The only other member of the shortlist with a prayer to compete is Atwood's book, and frankly, it isn't close. Azzopardi blows away Kneale and O'Doherty and Collins and Ishiguro. The paperback version of this book should have "winner of the Booker Prize" stamped proudly on its cover. It deserves it. Booker prize winners should leave you breathless, gasping, searching around for someone to give the book to so you can share it with them, both for their edification and selfishly, so that you will have a person with whom to exorcize the emotions. This is such a book. And when I finished it, I immediately gave it to my friend, and then awoke in the middle of the night wanting it back so I could begin it again.
Superlatives fail me.
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1 of 1 people found the following review helpful
5.0 out of 5 stars A Beautifully Haunting and Evocative Novel, 12 Aug. 2011
By 
Susie B - See all my reviews
(TOP 50 REVIEWER)   
This review is from: The Hiding Place (Paperback)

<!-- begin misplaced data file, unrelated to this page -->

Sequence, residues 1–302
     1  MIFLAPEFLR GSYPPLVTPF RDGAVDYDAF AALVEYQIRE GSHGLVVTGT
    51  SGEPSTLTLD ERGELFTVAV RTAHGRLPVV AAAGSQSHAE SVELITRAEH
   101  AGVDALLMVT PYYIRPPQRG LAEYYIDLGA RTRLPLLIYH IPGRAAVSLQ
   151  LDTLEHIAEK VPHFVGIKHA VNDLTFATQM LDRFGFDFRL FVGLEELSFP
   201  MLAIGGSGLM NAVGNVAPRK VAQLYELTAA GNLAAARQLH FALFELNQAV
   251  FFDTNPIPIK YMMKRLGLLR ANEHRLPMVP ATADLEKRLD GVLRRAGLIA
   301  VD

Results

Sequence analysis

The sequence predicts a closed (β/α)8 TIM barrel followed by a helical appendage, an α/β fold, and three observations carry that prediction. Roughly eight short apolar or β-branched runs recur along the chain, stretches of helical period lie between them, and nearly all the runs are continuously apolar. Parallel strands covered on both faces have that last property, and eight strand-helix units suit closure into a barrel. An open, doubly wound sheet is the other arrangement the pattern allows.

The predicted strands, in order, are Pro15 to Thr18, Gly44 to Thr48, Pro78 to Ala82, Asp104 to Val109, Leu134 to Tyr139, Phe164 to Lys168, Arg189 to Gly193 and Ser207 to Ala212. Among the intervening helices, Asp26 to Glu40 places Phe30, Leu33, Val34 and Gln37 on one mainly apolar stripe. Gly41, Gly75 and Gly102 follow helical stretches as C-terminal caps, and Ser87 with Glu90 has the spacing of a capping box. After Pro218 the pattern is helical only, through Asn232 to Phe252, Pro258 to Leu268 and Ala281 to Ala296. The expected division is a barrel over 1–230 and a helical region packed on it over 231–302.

I don't know why I haven't come across this book before, but I'm very glad that I found this whilst browsing on Amazon. `The Hiding Place' is an amazing debut novel which was deservedly shortlisted for the 2000 Booker Prize and is about a Maltese/Welsh working class family living in Cardiff (and almost on the bread-line) in the 1960s. The novel reveals a world with which most of us will be unfamiliar - however, with the use of sensitive prose and simple, descriptive language, Azzopardi brings her scenes brilliantly to life. The author's descriptions of the main character's (Dolores) experiences and feelings are truly haunting and resonating, and the sections of the book where Dolores returns much later to the family home and sifts through her memories, are painfully good.